Nikon Z 50mm f/1.8 — Image quality

Nikon Z 50mm F/1.8

One thing you can’t complain about when it comes to the Nikon Z 50mm f/1.8 is the image quality. Nikon has been knocking the optics out of the park with their Z mount lenses and it’s the same story here. We’ll break everything down in detail below.

Distortion control and vignetting

The Nikon Z 50mm f/1.8 S controls distortions very well. As you can see in the comparison tool above, there’s just a tiny amount of pincushion distortion that is easily corrected with the lens profile turned on in your editing software. In terms of vignetting, there’s a decent amount when you shoot the lens wide-open at f/1.8. it remains in place down to f/5.6. After this, the vignetting eases up significantly. Again, it’s easy to correct with the lens profiles turned on, and of course, JPEGs from the camera will already be corrected,

Chromatic aberration, flares and ghosting

Flaring and ghosting are present when shooting into light sources. The ghosting at times is quite pronounced, still it’s far from the worst I have ever seen. You can also see that contrast levels remain quite high, which is great.

In terms of chromatic aberrations and fringing, the Nikon Z 50mm f/1.8 S does exhibit a small amount. In the last image of the statue, you can see some green fringing around the head of the statue. It’s not terrible and you do have to look for it. Sunstars are also quite nice as well. Overall, the Z 50mm performs well.


Yikes! Stop pointing those pictures at people! You’re going to cut someone! Ladies and gents, the Nikon Z 50mm f/1.8 S is a ridiculously sharp lens. Corners are just a hair soft when shooting at f/1.8 but when you stop down just a bit they become just as sharp as the rest of the frame. When I was editing images in post and I zoomed in, I couldn’t believe how sharp this $600 lens was. You’re not going to have any complaints here.


It should come as no surprise that the bokeh you can create with the Nikon Z 50mm f/1.8 S is silky. The 50mm focal length combined with a fast aperture lends itself well to bokeh creation. Wide-open and at the minimum focus distance you can make your backgrounds melt away.

The bokeh is clean, smooth, and the bokeh balls are also pleasing. They remain almost completely round right out to the edges and corners with just a hint of cats eyes. If you create a lot of portraits or do product photography and you want nice subject separation, this lens will give it to you.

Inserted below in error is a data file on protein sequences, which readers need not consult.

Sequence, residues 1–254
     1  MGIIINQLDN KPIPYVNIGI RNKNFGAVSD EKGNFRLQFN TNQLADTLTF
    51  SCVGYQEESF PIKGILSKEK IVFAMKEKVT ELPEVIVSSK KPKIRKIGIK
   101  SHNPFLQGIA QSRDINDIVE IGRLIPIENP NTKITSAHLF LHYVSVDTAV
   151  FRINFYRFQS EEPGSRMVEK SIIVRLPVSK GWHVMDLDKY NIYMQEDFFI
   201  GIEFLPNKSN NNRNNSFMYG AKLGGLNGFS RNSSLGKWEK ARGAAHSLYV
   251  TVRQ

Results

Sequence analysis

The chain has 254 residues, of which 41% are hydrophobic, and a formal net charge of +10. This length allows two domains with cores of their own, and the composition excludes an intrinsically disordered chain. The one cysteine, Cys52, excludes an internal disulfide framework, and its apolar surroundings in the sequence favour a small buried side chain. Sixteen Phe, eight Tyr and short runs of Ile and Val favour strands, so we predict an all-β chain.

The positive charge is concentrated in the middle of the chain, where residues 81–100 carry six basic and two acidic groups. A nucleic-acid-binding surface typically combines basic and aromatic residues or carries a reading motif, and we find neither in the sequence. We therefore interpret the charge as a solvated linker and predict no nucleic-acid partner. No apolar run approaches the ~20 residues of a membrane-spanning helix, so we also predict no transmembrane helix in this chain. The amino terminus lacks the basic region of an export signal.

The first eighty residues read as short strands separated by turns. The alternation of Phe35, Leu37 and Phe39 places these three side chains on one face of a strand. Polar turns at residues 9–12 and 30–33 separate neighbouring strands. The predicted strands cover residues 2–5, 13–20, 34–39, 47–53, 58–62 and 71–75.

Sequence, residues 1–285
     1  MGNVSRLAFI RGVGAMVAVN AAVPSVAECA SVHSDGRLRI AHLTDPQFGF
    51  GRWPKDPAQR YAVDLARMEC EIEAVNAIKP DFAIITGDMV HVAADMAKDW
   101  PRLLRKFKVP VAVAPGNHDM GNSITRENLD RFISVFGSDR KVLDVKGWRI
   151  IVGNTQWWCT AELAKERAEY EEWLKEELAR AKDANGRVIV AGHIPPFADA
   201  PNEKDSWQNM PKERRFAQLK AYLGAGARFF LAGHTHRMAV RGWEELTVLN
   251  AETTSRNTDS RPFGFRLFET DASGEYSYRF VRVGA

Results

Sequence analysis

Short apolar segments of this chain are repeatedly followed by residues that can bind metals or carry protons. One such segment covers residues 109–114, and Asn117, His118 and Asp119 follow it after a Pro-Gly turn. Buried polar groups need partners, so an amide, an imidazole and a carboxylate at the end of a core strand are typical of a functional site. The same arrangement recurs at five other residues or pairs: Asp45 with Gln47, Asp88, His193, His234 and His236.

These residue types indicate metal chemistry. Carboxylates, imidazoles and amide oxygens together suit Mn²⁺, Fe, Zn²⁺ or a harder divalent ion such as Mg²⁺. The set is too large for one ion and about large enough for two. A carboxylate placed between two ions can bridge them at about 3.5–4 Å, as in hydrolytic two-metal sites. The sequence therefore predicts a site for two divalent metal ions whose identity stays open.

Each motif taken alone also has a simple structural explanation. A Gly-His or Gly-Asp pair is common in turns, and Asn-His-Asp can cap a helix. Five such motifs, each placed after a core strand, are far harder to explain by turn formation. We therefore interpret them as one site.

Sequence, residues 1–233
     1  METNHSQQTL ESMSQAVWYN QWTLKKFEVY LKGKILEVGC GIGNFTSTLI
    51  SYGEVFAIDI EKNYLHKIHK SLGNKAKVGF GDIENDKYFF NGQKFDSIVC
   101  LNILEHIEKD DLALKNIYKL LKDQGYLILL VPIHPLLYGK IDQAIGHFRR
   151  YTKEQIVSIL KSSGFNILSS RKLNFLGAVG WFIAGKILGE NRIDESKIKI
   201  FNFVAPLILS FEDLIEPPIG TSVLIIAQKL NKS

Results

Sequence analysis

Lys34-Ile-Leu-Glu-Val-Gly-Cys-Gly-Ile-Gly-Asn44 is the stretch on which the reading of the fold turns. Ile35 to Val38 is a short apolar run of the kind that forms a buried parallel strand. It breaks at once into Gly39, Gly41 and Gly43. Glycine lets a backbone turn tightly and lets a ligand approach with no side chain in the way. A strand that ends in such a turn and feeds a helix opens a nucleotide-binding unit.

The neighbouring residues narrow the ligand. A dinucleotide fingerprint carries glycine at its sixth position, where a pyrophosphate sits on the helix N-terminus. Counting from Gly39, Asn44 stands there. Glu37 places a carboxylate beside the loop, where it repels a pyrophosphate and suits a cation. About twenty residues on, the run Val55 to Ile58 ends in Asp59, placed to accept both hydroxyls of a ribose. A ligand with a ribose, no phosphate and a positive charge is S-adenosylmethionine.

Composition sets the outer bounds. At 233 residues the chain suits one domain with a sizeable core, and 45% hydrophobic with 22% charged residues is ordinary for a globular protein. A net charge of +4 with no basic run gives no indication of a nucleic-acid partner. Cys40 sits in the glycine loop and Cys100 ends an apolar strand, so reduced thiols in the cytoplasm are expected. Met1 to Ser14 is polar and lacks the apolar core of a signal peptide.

Color rendition

Color reproduction is another strong point of this nifty fifty. Nikon colors render a little cool in general. However, the colors from this lens seem to balance things out nicely and they looked neutral. Not too warm, not too cool, just right. I found that colors were perhaps a little over-saturated, but they were pleasing overall.

Of course, you can change colors during post to match your style, and you can pick an in-camera profile to adjust the colors of your JPEGs. All of the images in this review were captured using the standard profile and the only adjustments made to the images were basic exposure changes. So what you see is what you’ll get in terms of colors.

The Nikon Z 50mm f/1.8 is a solid nifty fifty

Nikon Z 50mm F/1.8

Overall, Nikon has done a fine job with the Nikon Z 50mm f/1.8 S. It’s a well-made lens that, for the most part, performs well. I would say it performs at a level, or just above the level that you’d expect after dropping right around $600 for it.

Aside from a few hiccups with autofocusing and with some slight green fringing, the Nikon delivers images and performance that most will be pleased with. Images are sharp, contrasty, and have pleasing colors. The bokeh you can produce is nice and distortion control is on point. The lens is also solidly built and it has weather sealing. Not bad for the price at all.

If you buy the lens you’ll be beyond satisfied. The Z 50mm f/1.8 is light at just under 1lb, which makes it great for street and documentary photography. It works well with Eye AF which means it’s great for portraits too. It’s a versatile lens that won’t break the bank. If I owned a Nikon Z camera, this is a lens that would be in my collection.

Nikon Z 50mm f/1.8 S

With stunning optics, decent autofocus performance, and a body that can stand up to Mother Nature, the Nikon Z 50mm f/1.8 S is a fantastic nifty fifty for those who want a standard prime that won’t break the bank. Whether you shoot street photography documentary photography, portraits, or anything else, you’ll be pleased with the solid performance you’ll get from this lens.